Sunday, June 28, 2015
Moving Beyond the pain of Arthritis-CASE HISTORY OF ALAN HOFFMAN (Part 2)
Two year ago, Alan Hoffman, a 53-years-old dentist, went to his doctor for a routine annual checkup, complaining of chronic pain in his right hand and left hip. The pain in his joint wasn’t new, he admitted, but he’d stoically endured it for years because the aching was intermittent. Now it was turning into an everyday occurrence, and he was worried. As a dentist, he stood on his feet for hour everyday and, to make things worse, he was right-handed. How could he continue to make a living if his hip and hand gave out on him?
Alan was moderately overweight, and his doctor could easily see that a weight-bearing joint like his hip might be crying out for relief. Twenty pound (9 kilograms) or so less body weight, hence less stress on the painful hip joint, would certainly be a step in the right direction. But clearly there was more to Alan’s problem than mere excess poundage. Alan’s doctor examined his joint, X-rayed them, and took blood test, all the while inquiring at length about Alan’s lifestyle and medical history.
The results, particularly of the X-rays, revealed osteoarthritis, but the doctor could find no readily identifiable cause, meaning Alan had primary osteoarthritis. (Another form, called secondary osteoarthritis, results from such predisposing factor as specific joint trauma, usually injuries, and certain diseases. Billie Jean King’s arthritis is a perfect example of secondary osteoarthritis.)
Yes, arthritis is a chronic condition, Alan’s doctor explained, but the doctor had several ideas about how to relieve Alan’s painful symptoms to the point where they would be unlikely to interfere with his livelihood. First, his doctor prescribed medication to relieve the joint pain and any inflammation that might be present. Next, the doctor referred Alan to our Cooper Fitness Center for exercise therapy and a weight loss program.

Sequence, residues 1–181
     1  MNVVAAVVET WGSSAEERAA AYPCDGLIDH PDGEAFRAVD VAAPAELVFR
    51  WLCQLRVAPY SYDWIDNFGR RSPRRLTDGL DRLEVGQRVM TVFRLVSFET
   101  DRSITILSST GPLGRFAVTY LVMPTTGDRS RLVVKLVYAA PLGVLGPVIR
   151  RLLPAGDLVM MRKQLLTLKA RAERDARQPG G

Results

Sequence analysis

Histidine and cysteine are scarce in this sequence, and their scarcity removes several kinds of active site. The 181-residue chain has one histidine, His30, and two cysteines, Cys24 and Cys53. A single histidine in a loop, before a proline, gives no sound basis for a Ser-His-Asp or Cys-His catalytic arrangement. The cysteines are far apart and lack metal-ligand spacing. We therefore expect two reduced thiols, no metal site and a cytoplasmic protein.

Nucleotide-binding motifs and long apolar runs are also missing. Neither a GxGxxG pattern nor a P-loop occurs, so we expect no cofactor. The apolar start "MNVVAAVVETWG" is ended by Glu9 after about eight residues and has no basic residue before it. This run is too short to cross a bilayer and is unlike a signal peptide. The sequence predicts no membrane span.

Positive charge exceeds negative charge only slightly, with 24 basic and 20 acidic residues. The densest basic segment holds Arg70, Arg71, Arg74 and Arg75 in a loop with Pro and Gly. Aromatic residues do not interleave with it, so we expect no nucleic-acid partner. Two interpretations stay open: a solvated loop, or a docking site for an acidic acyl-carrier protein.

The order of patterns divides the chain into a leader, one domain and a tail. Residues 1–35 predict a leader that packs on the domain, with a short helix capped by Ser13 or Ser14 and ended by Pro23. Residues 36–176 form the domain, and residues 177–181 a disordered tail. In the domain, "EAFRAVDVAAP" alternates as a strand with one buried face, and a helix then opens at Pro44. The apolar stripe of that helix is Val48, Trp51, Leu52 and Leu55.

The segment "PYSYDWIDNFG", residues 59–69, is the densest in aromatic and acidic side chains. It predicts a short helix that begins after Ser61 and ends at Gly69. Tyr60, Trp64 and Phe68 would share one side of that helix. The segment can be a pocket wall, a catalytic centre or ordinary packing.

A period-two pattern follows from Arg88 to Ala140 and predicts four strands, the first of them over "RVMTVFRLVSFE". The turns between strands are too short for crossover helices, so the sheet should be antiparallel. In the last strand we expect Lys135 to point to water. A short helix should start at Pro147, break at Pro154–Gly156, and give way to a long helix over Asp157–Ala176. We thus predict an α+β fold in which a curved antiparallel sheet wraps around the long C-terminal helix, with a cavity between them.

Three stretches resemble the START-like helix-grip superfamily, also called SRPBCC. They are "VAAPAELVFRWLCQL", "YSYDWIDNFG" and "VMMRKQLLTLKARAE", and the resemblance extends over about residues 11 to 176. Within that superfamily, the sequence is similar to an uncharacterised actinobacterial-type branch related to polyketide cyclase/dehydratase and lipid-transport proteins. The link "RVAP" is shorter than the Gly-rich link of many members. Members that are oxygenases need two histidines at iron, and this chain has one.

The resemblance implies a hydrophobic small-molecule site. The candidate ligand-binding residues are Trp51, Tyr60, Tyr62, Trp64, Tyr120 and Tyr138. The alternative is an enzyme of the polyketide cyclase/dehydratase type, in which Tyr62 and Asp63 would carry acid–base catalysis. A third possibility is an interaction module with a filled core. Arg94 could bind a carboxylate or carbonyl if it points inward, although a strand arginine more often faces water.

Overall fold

On Alan’s arrival at the center, he was in class 2 of the functional capacity classification. In the intervening year and a half, he’s lost 25 pound. He eats more selectively and works out faithfully, both at home and at the center. At home, Alan does stretching exercise and strength training, followed by a stint on a stationary bike while he’s watching the news. He likes the bike because its design works arms and legs simultaneously.
During his first year as a Cooper Fitness Center member, Alan used brisk walking in the winter and swimming in the summer to supplement his home stationary cycling and to earn his recommended weekly quota of 100 health points. Alan has also recently embarked on a more serious muscle strengthening program. Twice each week now, after cooling down from his walk or swim, he tackles the resistance training machine at the center.
Alan still has some joint stiffness in the morning and his pain recurs occasionally, but it’s much better. He used to wake up with his left hip joint so stiff he limped for about 10 minutes before he could walk properly. Now his hip joint might feel a little stiff as he slings his legs over the side of the bed to get up, but walking energetically to the bathroom is no longer something he has to think about. Today Alan takes pain medication only on those rare occasions when his joints really act up.
Alan readily admits that the linchpin of his recovery is faithful adherence to regular exercise. He calls exercise a “miracle cure” though not in the usual sense of its being instantaneous or making a disease disappears forever. “Exercise requires perseverance and time to work its magic. But it does eventually work wonders, “say Alan. The miracle it worked for him was to increase his aerobic fitness (which we measure at the Cooper Clinic via treadmill exercise testing) by 30% and his strength by almost 60%. His blood-lipid profile is also much improved; though this doesn’t affect his arthritis, Alan is pleased, because heart disease runs in his family.